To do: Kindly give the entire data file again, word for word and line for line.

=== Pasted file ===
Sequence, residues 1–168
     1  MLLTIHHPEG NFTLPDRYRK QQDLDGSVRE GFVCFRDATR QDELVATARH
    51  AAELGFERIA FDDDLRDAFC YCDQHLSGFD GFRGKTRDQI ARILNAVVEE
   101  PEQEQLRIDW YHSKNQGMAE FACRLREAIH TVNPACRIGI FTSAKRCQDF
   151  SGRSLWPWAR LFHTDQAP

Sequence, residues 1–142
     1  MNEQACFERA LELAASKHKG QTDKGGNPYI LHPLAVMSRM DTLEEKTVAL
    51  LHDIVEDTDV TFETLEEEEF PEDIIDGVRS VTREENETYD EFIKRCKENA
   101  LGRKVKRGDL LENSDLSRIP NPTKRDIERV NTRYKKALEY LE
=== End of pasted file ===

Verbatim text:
Sequence, residues 1–168
     1  MLLTIHHPEG NFTLPDRYRK QQDLDGSVRE GFVCFRDATR QDELVATARH
    51  AAELGFERIA FDDDLRDAFC YCDQHLSGFD GFRGKTRDQI ARILNAVVEE
   101  PEQEQLRIDW YHSKNQGMAE FACRLREAIH TVNPACRIGI FTSAKRCQDF
   151  SGRSLWPWAR LFHTDQAP

Sequence, residues 1–142
     1  MNEQACFERA LELAASKHKG QTDKGGNPYI LHPLAVMSRM DTLEEKTVAL
    51  LHDIVEDTDV TFETLEEEEF PEDIIDGVRS VTREENETYD EFIKRCKENA
   101  LGRKVKRGDL LENSDLSRIP NPTKRDIERV NTRYKKALEY LE